Often when we fit a linear regression model, we use R-squared as a way to assess how well a model fits the data.
R-squared represents the proportion of the variance in the response variable that can be explained by the predictor variables in a regression model.
This number ranges from 0 to 1, with higher values indicating a better model fit.
Instead, we can calculate a metric known as McFadden’s R-Squared, which ranges from 0 to just under 1, with higher values indicating a better model fit.
We use the following formula to calculate McFadden’s R-Squared:
McFadden’s R-Squared = 1 – (log likelihoodmodel / log likelihoodnull)
- log likelihoodmodel: Log likelihood value of current fitted model
- log likelihoodnull: Log likelihood value of null model (model with intercept only)
In practice, values over 0.40 indicate that a model fits the data very well.
The following example shows how to calculate McFadden’s R-Squared for a logistic regression model in R.
Example: Calculating McFadden’s R-Squared in R
For this example, we’ll use the Default dataset from the ISLR package. We can use the following code to load and view a summary of the dataset:
#install and load ISLR package install.packages('ISLR') library(ISLR) #define dataset data <- ISLR::Default #view summary of dataset summary(data) default student balance income No :9667 No :7056 Min. : 0.0 Min. : 772 Yes: 333 Yes:2944 1st Qu.: 481.7 1st Qu.:21340 Median : 823.6 Median :34553 Mean : 835.4 Mean :33517 3rd Qu.:1166.3 3rd Qu.:43808 Max. :2654.3 Max. :73554 #find total observations in dataset nrow(data)  10000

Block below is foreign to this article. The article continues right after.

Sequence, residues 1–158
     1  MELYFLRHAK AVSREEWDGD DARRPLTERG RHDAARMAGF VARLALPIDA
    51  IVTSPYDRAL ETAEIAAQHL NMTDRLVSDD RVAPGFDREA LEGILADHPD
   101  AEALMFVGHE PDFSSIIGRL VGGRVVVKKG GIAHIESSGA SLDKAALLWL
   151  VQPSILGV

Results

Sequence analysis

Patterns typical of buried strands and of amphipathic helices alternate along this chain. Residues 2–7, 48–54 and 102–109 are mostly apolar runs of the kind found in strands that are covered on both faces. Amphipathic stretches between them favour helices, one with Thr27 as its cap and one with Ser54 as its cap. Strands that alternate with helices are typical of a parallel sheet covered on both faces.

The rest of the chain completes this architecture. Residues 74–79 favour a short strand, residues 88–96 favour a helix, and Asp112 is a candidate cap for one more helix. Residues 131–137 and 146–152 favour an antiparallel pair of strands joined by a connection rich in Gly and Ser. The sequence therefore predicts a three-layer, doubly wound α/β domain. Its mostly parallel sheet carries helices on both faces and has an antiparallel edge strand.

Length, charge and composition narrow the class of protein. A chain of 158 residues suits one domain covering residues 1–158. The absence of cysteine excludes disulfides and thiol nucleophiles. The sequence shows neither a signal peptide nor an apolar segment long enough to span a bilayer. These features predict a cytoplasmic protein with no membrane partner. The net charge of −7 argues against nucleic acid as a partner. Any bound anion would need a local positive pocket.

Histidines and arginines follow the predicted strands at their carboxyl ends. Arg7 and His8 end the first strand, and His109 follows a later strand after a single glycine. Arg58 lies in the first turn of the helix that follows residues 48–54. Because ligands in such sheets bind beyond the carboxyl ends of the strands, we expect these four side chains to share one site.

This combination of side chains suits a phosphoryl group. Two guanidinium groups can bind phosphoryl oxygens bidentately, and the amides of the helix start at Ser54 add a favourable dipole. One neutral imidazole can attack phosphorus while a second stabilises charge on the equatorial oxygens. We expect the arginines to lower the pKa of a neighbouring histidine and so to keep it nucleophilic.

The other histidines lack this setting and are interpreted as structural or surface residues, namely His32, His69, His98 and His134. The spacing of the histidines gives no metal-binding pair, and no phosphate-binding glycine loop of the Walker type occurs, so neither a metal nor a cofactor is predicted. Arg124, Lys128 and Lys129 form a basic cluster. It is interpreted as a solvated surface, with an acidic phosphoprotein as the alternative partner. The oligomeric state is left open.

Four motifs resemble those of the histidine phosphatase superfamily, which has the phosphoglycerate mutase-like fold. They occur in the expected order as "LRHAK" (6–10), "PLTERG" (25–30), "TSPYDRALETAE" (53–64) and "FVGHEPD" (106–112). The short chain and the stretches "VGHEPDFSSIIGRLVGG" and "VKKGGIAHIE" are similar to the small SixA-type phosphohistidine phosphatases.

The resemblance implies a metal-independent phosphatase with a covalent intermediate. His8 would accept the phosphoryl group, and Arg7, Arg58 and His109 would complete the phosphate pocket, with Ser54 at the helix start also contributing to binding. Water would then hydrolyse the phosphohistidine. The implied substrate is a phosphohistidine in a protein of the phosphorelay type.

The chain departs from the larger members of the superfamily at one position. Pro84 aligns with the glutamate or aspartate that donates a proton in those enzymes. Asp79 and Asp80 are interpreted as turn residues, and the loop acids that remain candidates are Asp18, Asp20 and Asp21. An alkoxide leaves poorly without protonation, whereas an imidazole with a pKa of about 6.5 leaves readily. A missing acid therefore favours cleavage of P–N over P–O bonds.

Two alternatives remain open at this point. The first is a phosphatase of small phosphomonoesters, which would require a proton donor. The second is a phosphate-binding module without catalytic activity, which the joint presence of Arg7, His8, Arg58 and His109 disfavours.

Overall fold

This dataset contains the following information about 10,000 individuals:
- default: Indicates whether or not an individual defaulted.
- student: Indicates whether or not an individual is a student.
- balance: Average balance carried by an individual.
- income: Income of the individual.
We will use student status, bank balance, and income to build a logistic regression model that predicts the probability that a given individual defaults:
#fit logistic regression model model <- glm(default~student+balance+income, family='binomial', data=data) #view model summary summary(model) Call: glm(formula = default ~ balance + student + income, family = "binomial", data = data) Deviance Residuals: Min 1Q Median 3Q Max -2.4691 -0.1418 -0.0557 -0.0203 3.7383 Coefficients: Estimate Std. Error z value Pr(>|z|) (Intercept) -1.087e+01 4.923e-01 -22.080 < 2e-16 *** balance 5.737e-03 2.319e-04 24.738 < 2e-16 *** studentYes -6.468e-01 2.363e-01 -2.738 0.00619 ** income 3.033e-06 8.203e-06 0.370 0.71152 --- Signif. codes: 0 ‘***’ 0.001 ‘**’ 0.01 ‘*’ 0.05 ‘.’ 0.1 ‘ ’ 1 (Dispersion parameter for binomial family taken to be 1) Null deviance: 2920.6 on 9999 degrees of freedom Residual deviance: 1571.5 on 9996 degrees of freedom AIC: 1579.5 Number of Fisher Scoring iterations: 8
Next, we’ll use the following formula to calculate McFadden’s R-squared value for this model:
#calculate McFadden's R-squared for model with(summary(model), 1 - deviance/null.deviance)  0.4619194
McFadden’s R-squared value turns out to be 0.4619194. This value is fairly high, which indicates that our model fits the data well and has high predictive power.
Also note that we could use the pR2() function from the pscl package to calculate McFadden’s R-square value for the model as well:
#install and load pscl package install.packages('pscl') library(pscl) #calculate McFadden's R-squared for model pR2(model)['McFadden'] McFadden 0.4619194
Notice that this value matches the one calculated earlier.
The following tutorials explain how to perform other common tasks in R: